A Diabolic is ruthless. A Diabolic is powerful. A Diabolic has a single task: Kill in order to protect the person you’ve been created for.
Nemesis is a Diabolic, a humanoid teenager created to protect a galactic senator’s daughter, Sidonia. The two have grown up side by side, but are in no way sisters. Nemesis is expected to give her life for Sidonia, and she would do so gladly. She would also take as many lives as necessary to keep Sidonia safe.
When the power-mad Emperor learns Sidonia’s father is participating in a rebellion, he summons Sidonia to the Galactic court. She is to serve as a hostage. Now, there is only one way for Nemesis to protect Sidonia. She must become her. Nemesis travels to the court disguised as Sidonia—a killing machine masquerading in a world of corrupt politicians and two-faced senators’ children. It’s a nest of vipers with threats on every side, but Nemesis must keep her true abilities a secret or risk everything.
As the Empire begins to fracture and rebellion looms closer, Nemesis learns there is something more to her than just deadly force. She finds a humanity truer than what she encounters from most humans. Amidst all the danger, action, and intrigue, her humanity just might be the thing that saves her life—and the empire.
Description taken from Goodreads.
No one is more disappointed by my disappointment in this book than me.
Initially, I loved The Diabolic. The premise is fantastic, and the book started out perfectly. It was everything I wanted it to be: edgy, sharp, realistic, and just deep enough to make it worthwhile. Unfortunately, that sentiment didn’t last very long. In fact, it started to go south when I was reminded of Finnick.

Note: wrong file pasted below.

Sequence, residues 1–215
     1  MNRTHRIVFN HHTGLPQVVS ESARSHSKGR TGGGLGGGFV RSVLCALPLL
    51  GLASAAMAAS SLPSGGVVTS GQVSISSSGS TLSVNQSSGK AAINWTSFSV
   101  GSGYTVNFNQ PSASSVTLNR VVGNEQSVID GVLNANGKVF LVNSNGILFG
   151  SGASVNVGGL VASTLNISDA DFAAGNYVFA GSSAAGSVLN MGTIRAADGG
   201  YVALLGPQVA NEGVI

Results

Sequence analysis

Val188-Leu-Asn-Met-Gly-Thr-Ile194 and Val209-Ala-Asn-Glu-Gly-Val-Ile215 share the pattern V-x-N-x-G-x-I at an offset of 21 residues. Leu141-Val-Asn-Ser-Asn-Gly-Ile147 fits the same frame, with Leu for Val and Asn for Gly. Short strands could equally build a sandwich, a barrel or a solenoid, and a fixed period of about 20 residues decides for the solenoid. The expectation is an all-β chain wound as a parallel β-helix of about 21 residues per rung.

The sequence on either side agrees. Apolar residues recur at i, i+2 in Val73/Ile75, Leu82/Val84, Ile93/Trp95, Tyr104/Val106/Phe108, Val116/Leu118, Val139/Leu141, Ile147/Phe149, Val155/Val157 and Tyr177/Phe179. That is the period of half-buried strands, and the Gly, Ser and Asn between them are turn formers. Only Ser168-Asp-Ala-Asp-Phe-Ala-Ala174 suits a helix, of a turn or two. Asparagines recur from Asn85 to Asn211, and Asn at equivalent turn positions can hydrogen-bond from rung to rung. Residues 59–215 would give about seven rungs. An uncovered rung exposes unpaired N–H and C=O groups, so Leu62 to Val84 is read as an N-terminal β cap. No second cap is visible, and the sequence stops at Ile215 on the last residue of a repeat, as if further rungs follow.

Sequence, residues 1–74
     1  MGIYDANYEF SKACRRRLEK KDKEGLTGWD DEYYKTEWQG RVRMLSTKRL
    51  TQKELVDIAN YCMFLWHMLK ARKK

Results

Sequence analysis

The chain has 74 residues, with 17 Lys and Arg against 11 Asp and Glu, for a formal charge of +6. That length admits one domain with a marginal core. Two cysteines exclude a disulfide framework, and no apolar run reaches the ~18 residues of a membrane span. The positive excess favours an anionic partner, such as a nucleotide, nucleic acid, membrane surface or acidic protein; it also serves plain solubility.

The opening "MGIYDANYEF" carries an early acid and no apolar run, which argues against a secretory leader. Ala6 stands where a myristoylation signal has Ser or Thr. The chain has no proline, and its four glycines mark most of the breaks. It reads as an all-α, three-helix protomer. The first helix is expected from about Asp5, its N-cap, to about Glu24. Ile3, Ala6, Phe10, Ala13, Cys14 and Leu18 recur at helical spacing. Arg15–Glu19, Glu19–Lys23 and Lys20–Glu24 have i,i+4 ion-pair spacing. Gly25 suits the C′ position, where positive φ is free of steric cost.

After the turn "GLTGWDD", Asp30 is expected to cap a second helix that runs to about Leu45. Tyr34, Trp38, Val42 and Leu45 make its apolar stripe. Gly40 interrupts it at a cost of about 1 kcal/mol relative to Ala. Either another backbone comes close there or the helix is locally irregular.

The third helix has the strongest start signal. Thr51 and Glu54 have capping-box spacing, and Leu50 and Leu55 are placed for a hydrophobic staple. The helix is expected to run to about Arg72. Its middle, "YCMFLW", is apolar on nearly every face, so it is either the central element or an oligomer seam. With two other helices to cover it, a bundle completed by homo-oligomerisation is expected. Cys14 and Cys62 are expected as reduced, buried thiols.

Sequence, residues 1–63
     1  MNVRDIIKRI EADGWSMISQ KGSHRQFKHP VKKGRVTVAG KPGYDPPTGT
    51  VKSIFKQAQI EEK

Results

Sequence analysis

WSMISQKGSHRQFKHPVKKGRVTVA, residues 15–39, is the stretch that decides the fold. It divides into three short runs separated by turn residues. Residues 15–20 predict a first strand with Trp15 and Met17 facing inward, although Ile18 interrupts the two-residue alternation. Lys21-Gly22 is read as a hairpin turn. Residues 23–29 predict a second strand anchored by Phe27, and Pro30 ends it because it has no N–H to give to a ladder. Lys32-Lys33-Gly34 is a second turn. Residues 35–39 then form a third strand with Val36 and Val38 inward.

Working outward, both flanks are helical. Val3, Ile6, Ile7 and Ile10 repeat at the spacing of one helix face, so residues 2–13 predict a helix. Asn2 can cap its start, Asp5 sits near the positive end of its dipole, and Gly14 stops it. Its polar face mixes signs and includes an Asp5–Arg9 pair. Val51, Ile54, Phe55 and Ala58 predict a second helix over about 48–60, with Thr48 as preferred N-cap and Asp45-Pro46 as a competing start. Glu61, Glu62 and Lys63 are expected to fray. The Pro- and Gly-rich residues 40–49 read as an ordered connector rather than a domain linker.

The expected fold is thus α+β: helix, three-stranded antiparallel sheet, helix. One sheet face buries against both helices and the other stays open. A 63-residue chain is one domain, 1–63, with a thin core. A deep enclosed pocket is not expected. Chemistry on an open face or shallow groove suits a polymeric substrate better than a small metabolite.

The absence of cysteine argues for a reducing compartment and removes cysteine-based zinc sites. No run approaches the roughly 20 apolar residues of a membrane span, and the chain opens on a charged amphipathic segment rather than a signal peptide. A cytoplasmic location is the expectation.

I won’t quote anything because the book hasn’t been released yet, per S&S’s guidelines, but the long and short of it is that in the beginning, Nemesis steps into a virtual reality for the rich and powerful heirs of the galaxy’s most powerful families. She ends up meeting a mostly-naked boy (by the way, this only works when Suzanne Collins does it), who’s cool and enigmatic and generally a special snowflake, and he turns out to be the Emperor’s nephew.
At this point, the writing started getting to me. I know that Nemesis isn’t supposed to have human feelings, but maybe the writing was just a little bit too stiff and robotic for me? There was nothing flowing about it, and the majority of it was tell instead of show. I appreciated it in the beginning, excited by it even, but it was grating after a while. Nemesis had little to no personality, and all of her actions that would’ve been remotely revealing or pleasantly surprising were ruined when she felt the need to explain them to us.
And then there was the similarity of it all. This is SFF… on Earth. It may seem different on the surface because a good deal of the world is named differently, but none of the overall plot is unfamiliar. There was nothing new or exciting or extraordinary about the characters, the story, the romance, the plot, the twists, or anything in between. The only thing that could’ve saved the story and set it apart was the writing, and that fell through for me.
Now that I think about it, the themes of The Diabolic were very reminiscent of Jessica Khoury’s The Forbidden Wish for me. If you lean more toward science fiction, I would recommend The Diabolic, but if you lean more towards legends-and-myths fantasy, then I would recommend The Forbidden Wish. Compared, I would go with Jessica Khoury. Her writing is much more elegant, the characters more thought out, and the story line complete.
Overall, I think my problems with The Diabolic are a case of it being me, not the book. There’s nearly overwhelming love for this story, and I can see the appeal with the romance and the ideas, but it just wasn’t all that for me. 2 stars.